Gift Shop Artist | Amanda Simmons

The colorful and intricate materials used in traditional Lakota art often capture the attention of young eyes and tiny hands. Red Cloud graduate Amanda Simmons ’04 picked up her first beading materials when she was only eight years old, while growing up in the community of Oglala, South Dakota. 

“Encouraged by watching my mother bead barrettes, I asked if I could have some beads, too,“ she explains. 

Her mother gave her a tin of beads, some canvas and a spool of thread. Amanda imitated her mother’s lazy-stitch, a technique commonly used in Lakota beadwork, using simple patterns. By the time she was 14, she had completed her own set of fully beaded leggings and moccasins. She entered the pair of moccasins into the Oglala Lakota Nation Invitational Art Show and ultimately won Best of Show.  

Amanda’s love of beadwork has followed her wherever her education and career have taken her. After graduating from Red Cloud in 2004, Amanda enlisted in the Navy and was honorably discharged in 2012. That same year, she earned her degree from American River College in Sacramento, California. Today Amanda lives and works outside of Sacramento, running The Laughing Beads, her contemporary beadwork business,. She is currently developing her own website so she can better market her work to online customers. 

Amanda also dedicates large amounts of her free time to making fully beaded regalia, combining classic Lakota geometric designs with contemporary patterns and materials. She says she creates regalia for her nieces and nephews free of charge “to encourage a positive way of life.”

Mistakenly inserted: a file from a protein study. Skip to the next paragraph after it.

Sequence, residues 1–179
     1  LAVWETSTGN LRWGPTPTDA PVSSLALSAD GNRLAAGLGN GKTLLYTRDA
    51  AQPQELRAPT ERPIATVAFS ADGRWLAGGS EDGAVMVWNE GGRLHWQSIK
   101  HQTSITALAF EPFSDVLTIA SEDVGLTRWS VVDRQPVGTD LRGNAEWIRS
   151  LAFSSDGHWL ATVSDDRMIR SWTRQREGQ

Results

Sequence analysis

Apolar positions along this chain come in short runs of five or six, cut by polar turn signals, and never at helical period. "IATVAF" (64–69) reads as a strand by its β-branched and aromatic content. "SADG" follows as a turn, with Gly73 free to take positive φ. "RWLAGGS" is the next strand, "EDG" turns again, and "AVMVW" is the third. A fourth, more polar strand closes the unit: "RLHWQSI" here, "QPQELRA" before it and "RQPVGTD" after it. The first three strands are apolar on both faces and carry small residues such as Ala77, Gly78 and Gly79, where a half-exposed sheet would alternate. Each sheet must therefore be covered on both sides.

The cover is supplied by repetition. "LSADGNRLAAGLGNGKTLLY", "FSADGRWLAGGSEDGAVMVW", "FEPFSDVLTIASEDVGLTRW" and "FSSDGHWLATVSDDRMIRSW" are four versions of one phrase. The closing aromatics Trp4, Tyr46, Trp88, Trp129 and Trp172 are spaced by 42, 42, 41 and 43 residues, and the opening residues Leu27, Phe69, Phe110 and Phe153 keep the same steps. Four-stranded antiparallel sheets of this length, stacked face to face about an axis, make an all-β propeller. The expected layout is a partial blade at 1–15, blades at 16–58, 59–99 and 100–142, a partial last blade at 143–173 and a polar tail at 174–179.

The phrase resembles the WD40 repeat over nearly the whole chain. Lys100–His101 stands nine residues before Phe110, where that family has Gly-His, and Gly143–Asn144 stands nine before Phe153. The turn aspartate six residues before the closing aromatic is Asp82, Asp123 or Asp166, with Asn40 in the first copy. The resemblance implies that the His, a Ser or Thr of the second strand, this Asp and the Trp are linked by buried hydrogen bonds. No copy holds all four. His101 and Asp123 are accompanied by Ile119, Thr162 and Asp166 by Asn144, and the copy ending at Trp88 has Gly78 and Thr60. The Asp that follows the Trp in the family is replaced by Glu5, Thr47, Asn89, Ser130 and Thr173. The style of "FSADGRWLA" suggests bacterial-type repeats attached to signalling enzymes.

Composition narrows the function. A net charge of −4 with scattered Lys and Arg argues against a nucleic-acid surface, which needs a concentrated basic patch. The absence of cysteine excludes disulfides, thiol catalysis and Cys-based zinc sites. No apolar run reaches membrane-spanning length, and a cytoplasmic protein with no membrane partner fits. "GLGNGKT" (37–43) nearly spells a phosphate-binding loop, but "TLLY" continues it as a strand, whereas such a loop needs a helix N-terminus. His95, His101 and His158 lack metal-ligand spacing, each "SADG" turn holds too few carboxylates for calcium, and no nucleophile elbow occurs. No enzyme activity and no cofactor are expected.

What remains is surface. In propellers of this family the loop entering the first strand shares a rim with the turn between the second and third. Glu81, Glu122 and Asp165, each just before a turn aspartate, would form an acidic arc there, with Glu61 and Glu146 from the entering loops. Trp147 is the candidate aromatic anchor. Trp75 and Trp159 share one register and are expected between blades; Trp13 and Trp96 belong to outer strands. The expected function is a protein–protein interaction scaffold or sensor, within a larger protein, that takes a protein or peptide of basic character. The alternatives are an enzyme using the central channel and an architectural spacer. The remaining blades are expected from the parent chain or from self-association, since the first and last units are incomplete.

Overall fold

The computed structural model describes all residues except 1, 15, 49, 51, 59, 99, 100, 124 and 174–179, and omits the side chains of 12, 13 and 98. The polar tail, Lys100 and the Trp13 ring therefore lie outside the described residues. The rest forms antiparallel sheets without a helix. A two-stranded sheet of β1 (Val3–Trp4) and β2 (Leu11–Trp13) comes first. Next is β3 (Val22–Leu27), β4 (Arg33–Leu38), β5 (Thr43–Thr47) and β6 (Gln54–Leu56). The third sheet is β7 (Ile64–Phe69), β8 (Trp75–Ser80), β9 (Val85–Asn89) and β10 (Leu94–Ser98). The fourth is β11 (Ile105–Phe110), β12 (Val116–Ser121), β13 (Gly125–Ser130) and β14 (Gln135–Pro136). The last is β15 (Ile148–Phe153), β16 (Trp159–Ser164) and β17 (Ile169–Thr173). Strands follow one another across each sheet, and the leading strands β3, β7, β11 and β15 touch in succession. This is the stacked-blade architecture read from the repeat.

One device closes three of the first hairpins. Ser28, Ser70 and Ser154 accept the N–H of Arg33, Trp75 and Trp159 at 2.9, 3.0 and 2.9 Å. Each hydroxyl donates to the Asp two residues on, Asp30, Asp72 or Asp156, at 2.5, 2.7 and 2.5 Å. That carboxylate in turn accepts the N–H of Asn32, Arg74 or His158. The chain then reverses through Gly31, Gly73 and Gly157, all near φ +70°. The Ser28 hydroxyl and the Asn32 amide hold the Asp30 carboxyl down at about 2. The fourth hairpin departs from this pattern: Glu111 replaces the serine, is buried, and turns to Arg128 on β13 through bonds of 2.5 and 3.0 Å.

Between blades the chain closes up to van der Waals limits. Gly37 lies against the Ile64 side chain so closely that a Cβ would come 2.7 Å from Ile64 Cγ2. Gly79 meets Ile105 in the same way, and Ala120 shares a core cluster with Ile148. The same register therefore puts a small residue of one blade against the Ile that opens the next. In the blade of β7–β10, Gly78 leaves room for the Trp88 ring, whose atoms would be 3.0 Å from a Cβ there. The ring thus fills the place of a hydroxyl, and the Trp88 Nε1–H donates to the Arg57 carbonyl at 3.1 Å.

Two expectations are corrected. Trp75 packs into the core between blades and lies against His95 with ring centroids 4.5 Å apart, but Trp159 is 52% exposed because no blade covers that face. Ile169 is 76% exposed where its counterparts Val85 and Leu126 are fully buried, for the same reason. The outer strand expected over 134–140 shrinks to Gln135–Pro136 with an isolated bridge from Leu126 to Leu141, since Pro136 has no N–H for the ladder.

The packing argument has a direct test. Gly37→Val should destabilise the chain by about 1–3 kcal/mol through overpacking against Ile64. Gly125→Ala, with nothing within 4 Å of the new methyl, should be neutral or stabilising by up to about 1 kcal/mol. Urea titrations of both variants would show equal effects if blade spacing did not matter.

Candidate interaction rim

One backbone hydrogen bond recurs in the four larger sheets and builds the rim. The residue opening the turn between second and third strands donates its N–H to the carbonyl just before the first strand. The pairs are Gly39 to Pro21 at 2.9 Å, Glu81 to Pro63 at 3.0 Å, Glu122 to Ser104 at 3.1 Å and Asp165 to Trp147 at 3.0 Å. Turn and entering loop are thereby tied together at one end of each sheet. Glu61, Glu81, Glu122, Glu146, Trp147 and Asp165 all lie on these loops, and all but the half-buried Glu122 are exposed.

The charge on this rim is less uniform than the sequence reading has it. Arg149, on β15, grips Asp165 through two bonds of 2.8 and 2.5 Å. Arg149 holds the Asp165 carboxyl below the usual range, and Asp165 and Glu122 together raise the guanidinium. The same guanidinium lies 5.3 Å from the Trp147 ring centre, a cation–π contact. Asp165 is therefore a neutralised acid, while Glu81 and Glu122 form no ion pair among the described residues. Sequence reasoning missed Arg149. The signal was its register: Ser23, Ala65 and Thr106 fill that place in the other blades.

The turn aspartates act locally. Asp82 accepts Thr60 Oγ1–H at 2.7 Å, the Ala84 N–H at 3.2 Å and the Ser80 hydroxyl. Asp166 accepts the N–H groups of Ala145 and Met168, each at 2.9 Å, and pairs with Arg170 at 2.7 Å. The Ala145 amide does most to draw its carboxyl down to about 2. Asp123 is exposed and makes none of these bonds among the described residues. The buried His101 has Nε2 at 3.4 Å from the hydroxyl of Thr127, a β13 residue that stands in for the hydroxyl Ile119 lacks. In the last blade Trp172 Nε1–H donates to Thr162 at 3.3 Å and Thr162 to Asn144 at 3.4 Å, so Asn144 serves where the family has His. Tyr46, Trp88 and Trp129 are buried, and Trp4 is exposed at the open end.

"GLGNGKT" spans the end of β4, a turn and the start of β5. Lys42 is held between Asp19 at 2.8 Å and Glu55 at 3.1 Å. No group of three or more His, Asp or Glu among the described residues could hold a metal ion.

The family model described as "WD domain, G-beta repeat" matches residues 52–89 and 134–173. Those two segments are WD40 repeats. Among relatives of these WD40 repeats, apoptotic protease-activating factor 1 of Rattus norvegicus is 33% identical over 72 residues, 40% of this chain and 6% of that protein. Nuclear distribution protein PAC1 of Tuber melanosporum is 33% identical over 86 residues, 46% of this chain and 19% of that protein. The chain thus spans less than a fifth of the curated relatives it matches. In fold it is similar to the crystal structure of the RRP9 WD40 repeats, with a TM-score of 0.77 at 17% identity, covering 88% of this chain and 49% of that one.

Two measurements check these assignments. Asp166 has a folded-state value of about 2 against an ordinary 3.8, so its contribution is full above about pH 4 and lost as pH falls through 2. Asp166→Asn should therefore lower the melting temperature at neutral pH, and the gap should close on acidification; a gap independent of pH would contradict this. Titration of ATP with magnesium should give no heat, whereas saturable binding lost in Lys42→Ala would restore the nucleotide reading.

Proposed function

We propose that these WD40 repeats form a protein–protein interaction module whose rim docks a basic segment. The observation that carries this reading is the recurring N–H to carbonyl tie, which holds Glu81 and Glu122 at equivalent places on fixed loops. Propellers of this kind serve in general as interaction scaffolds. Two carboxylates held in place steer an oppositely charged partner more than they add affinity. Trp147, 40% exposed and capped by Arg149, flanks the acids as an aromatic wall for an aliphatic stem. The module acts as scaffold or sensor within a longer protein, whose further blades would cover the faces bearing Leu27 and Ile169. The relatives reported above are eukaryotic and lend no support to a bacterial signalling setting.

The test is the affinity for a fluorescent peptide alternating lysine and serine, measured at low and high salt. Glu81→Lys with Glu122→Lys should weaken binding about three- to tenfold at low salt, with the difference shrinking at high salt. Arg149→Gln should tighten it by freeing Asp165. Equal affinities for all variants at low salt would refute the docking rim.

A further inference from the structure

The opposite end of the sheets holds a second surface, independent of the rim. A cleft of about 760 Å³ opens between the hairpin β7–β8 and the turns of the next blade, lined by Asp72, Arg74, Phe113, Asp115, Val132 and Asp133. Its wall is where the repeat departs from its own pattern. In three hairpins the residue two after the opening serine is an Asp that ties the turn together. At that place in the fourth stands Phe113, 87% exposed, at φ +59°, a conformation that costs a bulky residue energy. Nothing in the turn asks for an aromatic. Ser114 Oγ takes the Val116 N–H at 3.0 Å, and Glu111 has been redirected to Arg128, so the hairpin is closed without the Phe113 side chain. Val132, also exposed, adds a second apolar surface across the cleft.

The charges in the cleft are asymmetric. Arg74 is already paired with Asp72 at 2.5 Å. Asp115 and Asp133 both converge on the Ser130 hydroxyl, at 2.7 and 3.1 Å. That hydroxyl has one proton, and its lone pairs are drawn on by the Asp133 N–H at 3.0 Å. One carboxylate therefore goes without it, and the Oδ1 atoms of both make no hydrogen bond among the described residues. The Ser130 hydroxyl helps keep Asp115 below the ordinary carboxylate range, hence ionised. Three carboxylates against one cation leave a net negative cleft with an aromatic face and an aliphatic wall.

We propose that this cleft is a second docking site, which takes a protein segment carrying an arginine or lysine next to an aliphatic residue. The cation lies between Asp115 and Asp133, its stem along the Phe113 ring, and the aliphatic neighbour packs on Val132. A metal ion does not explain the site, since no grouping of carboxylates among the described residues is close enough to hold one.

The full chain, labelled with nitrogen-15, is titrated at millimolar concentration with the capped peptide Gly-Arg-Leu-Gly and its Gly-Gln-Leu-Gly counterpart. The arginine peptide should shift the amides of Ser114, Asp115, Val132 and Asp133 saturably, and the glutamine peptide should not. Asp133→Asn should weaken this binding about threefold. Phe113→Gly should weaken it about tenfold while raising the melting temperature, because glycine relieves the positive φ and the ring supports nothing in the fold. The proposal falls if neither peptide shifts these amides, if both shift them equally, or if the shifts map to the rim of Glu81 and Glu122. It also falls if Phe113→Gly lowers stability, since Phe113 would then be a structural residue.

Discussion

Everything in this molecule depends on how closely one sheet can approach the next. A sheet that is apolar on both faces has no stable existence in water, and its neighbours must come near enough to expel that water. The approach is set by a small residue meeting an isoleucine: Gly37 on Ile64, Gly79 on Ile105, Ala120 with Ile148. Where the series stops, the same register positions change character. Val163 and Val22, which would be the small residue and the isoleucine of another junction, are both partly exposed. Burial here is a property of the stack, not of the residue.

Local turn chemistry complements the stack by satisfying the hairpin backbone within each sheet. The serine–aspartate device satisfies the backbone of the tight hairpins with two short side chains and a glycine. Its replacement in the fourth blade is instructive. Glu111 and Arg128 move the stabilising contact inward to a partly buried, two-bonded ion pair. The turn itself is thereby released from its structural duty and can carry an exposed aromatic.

Now, Amanda’s own daughter Samantha is following in her footsteps, learning to edge beadwork at only six years old. Amanda believes it is “very important to encourage our children to imitate a positive way of life through art.“ To help sustain the traditional art of beading, Amanda also helped to create a beading circle with other artists in southern California. Together they share cultural beadwork designs, beadwork knowledge and, most importantly, laughter. 

For Amanda, creating her work in a positive atmosphere is another way to sustain Lakota culture. It is a widely held belief, she explains, that if you create your beadwork in a happy environment, the person who receives it will enjoy good and positive experiences while using that piece. Her hope is to continue to share that positivity through traditional Lakota art for many years to come.  

You can find more work by Lakota artists in The Heritage Center Gift Shop, both in-store and online:


Meet Our Artists - Shawn Espinosa, Parfleche


Meet Our Artists - Miranda Red Cloud, Porcupine Quillwork


 New Exhibit Looks at the Evolution of Lakota Quilting

Photos © 2016 Red Cloud Indian School, Inc.
last updated: May 16, 2016